Alhaddad IA, Tabbalat R, Hammoudeh A. COVID-19 pandemic and volume of cardiac catheterization procedures in Jordan: Impact of strict lockdown. Heart Views [serial online] 2021 [cited 2021 Jun 13];22:27-9. Available from: https://www.heartviews.org/text.asp?2021/22/1/27/314397




   Introduction Top


The COVID-19 pandemic has swept across the globe and different countries took variable measures to control the spread of the disease. Many countries implemented partial lockdown and restricted gatherings to small number of individuals while others imposed complete lockdown. Subsequently, elective medical procedures were deferred in most hospitals to minimize the use of resources and reduce the risk of COVID-19 transmission to patients and providers.[1]

In anticipation of the COVID-19 spread, Jordan took one of the most drastic measures by implementing a strict country-wide lockdown between March 17 and the end of April 2020 followed by gradual lifting. We sought to evaluate the impact of COVID-19-related complete lockdown on cardiac catheterization procedural volumes in Jordan.


   Methods Top


We collected data on the volume of coronary angiography (CA) and percutaneous coronary intervention (PCI) procedures performed in 5 private tertiary care hospitals in Amman, Jordan, in the period from January through June 2020. Strict lockdown was implemented from mid-March through April 2020. We compared procedural volumes of April 2020 (the strict lockdown month) to the same period of 2019. We also compared that to the procedural volumes of the period preceding the lockdown (i.e., average volumes of January and February 2020).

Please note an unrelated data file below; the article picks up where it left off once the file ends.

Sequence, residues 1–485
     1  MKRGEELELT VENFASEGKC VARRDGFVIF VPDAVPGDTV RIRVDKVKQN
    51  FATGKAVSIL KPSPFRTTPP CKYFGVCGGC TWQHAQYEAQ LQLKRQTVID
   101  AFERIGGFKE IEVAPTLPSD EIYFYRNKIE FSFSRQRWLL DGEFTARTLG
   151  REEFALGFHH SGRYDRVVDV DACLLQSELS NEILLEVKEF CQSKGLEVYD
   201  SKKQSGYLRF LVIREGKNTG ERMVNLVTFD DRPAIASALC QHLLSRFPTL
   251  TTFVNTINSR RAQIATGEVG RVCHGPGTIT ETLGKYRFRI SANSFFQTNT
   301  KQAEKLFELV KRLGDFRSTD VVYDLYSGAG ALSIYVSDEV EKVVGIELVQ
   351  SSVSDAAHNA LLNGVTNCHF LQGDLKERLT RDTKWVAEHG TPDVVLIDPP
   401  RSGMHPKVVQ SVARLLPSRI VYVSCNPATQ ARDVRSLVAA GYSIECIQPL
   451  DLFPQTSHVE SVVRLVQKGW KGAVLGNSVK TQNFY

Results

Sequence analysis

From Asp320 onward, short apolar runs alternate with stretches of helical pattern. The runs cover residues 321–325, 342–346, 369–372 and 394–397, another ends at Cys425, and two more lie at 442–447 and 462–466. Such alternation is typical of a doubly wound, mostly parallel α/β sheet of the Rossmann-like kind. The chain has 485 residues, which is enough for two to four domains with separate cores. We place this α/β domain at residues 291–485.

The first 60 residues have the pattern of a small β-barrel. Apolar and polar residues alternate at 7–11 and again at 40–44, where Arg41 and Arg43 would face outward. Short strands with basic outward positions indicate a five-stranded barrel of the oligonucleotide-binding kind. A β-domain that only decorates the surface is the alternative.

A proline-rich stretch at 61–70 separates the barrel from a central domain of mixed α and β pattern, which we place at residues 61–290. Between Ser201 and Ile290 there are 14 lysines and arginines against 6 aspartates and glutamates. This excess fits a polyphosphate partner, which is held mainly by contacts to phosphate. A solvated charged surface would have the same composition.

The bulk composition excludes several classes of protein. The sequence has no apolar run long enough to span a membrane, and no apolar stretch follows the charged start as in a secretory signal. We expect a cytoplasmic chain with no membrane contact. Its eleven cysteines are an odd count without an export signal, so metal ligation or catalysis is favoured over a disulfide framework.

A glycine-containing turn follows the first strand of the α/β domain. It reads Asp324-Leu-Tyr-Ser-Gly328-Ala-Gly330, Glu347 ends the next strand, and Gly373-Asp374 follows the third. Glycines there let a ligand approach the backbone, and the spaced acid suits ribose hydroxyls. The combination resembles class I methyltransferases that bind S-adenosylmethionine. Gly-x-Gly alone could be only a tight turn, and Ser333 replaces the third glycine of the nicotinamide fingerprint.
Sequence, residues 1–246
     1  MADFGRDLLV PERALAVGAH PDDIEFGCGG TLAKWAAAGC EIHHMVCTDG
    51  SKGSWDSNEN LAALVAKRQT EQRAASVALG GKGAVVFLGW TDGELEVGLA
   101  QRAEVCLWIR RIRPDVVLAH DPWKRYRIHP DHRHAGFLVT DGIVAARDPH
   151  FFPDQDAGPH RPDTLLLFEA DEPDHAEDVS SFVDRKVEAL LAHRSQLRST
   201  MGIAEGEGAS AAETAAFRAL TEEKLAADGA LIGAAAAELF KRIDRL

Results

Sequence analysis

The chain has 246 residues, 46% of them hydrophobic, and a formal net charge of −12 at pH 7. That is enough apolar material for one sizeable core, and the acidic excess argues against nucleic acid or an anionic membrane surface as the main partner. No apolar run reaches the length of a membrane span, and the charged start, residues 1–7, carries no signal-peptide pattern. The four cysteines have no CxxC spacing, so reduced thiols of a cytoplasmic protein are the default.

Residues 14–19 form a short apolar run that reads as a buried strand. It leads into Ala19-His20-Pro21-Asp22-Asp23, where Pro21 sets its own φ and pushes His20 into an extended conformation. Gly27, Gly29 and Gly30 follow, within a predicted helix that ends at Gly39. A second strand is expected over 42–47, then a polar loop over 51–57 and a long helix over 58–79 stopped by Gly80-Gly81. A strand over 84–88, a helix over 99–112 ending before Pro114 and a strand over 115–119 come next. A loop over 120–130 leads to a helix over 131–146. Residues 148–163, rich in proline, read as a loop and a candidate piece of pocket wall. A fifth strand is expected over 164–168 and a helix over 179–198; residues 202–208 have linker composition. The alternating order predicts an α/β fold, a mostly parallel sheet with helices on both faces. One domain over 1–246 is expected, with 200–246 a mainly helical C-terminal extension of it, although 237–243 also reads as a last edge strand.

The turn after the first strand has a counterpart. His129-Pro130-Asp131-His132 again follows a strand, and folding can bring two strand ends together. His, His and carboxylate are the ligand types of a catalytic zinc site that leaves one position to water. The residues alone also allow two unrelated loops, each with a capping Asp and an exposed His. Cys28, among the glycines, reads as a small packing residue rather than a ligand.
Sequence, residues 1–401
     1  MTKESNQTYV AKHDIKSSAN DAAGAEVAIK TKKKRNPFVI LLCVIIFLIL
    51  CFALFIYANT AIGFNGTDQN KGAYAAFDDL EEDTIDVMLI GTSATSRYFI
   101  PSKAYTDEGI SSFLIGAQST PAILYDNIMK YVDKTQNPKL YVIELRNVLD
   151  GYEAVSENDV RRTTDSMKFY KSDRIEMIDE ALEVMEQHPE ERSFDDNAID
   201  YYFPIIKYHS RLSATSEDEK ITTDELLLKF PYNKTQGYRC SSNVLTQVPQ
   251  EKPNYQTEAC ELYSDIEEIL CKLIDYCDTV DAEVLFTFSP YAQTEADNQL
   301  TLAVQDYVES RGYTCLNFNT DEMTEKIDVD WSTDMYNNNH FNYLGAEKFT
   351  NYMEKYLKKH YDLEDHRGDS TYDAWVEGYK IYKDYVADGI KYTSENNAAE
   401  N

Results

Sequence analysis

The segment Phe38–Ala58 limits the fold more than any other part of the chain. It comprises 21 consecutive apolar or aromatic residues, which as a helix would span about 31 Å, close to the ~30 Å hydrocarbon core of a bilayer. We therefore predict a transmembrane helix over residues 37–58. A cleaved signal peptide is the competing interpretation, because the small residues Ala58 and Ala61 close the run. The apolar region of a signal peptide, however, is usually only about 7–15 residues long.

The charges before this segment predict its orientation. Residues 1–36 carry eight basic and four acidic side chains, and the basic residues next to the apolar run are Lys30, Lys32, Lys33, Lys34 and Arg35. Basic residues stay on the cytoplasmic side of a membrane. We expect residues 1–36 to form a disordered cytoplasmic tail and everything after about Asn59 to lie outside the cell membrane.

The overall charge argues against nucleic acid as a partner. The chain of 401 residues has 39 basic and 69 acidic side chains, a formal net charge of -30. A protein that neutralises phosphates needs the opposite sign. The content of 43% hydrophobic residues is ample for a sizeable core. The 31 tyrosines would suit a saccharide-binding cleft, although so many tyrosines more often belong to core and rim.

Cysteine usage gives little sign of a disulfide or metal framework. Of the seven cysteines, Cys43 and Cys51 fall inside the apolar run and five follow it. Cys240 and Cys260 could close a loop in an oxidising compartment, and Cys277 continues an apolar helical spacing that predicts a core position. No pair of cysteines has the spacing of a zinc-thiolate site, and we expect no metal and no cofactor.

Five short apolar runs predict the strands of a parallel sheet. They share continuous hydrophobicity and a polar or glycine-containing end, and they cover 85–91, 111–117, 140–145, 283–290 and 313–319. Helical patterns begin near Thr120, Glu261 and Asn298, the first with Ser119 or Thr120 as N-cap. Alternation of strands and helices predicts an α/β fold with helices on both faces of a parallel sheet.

Data was obtained from the corresponding catheterization laboratories logbooks without accessing patient data. We calculated the total number of procedures performed in all participating hospitals for each month and compared the numbers of April 2020 to the corresponding month 2019 and to January–February 2020.


   Results Top


[Figure 1] shows the monthly volume of CA and PCI for all participating institutions from January - June 2020. It demonstrates a moderate volume decline in March and a sharp decline during the strict lockdown month of April. Volume gradually increased following easing of lockdown during May and June 2020. Compared to the average January–February 2020, there was a 59% decline in CA procedures and 60% decline in PCI procedures performed during the month of April 2020.
Figure 1: Monthly volume of cardiac catheterization procedures for all participating hospitals from January through June 2020. CA: coronary angiography, PCI: percutaneous coronary intervention